A 2011 study by two Canadian psychologists identified older-adult “transcenders” as people who were less depressed; had higher meaning and purpose in their lives; owned a “greater sense of choice and control in directing one’s life; and had higher scores on the global personality dimensions of extraversion, openness to experience, agreeableness, and conscientiousness.”
Beyond the Self, Regardless of Religion
In psychology, the whole notion of cosmic transcendence is often inter-changeable with the notion of self-transcendence, as both terms are noted as character/personality traits with very similar meanings. Both are related to identifying with concepts outside of one’s self through spirituality, a lessening of ego, and inner feelings of connection to the cosmos or to the greater good, so to speak. Both terms strongly correlate to the idea of “striving towards something greater than ourselves,” wrote PhD Paul T. P. Wong, referring to Viktor Frankl’s concepts of transcendence, in a 2016 article titled “Self-Transcendence: A Paradoxical Way to Become Your Best.” Wong strongly links self-transcendence, as his title suggests, to “paradoxically” being selfless, as well as to religion (unlike the Dutch study), saying that it connects us to a higher power (cosmic) and with other people.
“We find our home when we become fully aware of our connectiveness,” he wrote. “In other words, we are hardwired to love God and love people; in serving God and others, we meet our spiritual needs for self-transcendence. Thus, love is at the heart of self-transcendence; the practice of self-transcendence is also consistent with the Christian teaching of a loving God and loving your neighbor.”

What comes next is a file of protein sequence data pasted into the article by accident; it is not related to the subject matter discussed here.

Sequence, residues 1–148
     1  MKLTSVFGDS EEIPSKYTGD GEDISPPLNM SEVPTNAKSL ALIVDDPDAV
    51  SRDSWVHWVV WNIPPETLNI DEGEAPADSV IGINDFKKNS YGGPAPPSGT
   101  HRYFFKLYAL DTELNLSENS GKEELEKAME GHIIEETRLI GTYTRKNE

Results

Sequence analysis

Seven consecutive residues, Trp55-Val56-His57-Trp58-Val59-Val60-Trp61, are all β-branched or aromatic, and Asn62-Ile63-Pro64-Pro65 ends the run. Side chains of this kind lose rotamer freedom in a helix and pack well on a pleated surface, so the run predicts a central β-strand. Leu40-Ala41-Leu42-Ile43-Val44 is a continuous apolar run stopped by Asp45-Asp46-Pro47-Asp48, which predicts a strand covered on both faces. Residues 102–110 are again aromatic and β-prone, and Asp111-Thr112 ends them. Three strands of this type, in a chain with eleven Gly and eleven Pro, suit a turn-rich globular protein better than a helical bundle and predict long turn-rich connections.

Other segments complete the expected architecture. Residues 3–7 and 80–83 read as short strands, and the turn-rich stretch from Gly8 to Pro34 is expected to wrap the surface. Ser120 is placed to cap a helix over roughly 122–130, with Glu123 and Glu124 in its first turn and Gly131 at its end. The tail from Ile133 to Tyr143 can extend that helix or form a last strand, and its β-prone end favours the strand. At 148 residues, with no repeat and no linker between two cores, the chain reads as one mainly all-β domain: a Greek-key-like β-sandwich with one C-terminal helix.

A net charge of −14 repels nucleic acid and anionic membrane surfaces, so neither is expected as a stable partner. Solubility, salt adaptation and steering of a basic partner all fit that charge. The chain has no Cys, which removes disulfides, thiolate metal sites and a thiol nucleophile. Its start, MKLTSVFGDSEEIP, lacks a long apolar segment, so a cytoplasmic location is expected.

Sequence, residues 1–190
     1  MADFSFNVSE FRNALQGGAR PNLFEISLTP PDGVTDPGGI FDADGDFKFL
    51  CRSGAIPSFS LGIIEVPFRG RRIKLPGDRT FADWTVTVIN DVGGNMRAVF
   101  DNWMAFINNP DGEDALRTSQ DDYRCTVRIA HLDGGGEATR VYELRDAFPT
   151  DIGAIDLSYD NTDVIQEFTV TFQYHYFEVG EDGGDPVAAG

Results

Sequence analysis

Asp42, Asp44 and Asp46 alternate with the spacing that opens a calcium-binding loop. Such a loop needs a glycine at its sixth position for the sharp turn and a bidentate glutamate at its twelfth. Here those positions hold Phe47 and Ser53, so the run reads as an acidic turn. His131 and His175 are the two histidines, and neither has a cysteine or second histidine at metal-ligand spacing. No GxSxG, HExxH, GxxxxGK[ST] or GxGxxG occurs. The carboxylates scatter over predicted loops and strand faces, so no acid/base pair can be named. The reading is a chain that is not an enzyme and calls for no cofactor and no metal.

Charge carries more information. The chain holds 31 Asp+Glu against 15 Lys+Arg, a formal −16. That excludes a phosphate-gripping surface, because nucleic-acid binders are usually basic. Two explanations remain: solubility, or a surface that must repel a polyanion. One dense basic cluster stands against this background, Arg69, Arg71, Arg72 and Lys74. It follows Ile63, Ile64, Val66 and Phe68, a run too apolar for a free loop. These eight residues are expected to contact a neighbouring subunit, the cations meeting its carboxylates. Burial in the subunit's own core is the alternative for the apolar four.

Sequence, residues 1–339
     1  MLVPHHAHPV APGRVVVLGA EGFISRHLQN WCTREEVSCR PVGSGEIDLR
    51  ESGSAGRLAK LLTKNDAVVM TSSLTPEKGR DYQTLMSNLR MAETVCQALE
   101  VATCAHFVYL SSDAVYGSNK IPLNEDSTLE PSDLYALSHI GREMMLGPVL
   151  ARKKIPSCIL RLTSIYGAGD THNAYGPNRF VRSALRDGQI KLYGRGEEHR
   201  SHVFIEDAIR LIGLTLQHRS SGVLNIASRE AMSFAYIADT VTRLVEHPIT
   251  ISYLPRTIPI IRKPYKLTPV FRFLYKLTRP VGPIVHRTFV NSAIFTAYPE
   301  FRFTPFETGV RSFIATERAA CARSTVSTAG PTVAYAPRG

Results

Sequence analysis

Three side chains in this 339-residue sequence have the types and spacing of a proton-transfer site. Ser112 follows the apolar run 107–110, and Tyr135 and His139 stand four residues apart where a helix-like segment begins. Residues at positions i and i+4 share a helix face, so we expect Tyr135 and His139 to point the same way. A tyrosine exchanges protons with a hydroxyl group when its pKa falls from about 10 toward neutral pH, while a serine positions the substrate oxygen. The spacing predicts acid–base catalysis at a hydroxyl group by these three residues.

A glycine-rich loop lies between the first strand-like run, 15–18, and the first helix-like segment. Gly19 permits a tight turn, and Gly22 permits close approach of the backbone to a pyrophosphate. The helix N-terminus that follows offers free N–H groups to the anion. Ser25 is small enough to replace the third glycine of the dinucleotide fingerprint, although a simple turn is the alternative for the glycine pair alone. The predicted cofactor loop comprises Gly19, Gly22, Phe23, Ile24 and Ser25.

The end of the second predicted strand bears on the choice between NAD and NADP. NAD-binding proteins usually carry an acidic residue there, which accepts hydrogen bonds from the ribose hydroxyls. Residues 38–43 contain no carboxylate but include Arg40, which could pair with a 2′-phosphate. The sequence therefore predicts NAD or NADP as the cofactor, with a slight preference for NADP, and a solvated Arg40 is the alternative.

Incidentally, Wong is a well-known-and-established clinical psychologist and professor emeritus of Trent University and adjunct professor at Saybrook University, as well as a Christian minister. While I have enjoyed reading many of his articles, I don’t agree with his religious overtones as being necessary for experiencing transcendence. One can be an atheist, for instance, and still be transcendent and find plenty of meaning in life. Nonetheless, Wong is a prolific writer who has published extensively on such topics as existential psychology, positive psychology, and purpose and meaning in life. In this same article where he mentions God and a higher power, he also provides a secular-oriented point of view with the following portrait of a self-transcendent individual:
“A person’s greatest ambition and satisfaction is to fully develop his potential so that he can make a significant contribution to the world. In his daily interactions, he consistently places his concern for others above self-interest. He is willing to forfeit his rights for the common good. He works tirelessly and cheerfully because he loves what he does and believes that his work is consistent with his end-value and life purpose. By having a servant’s heart, his impact on others is actually enhanced because his selfless devotion is inspirational.”
Wong added that having a servant’s heart is a “hard sell” in today’s individualistic society. The Canadian study, however, found that people who are individualistic by nature are not less satisfied with their lives than selfless transcendent individuals.
More posts coming in the near future on the many interesting parameters concerning meaning in life for older adults. . .
Thanks for stopping by,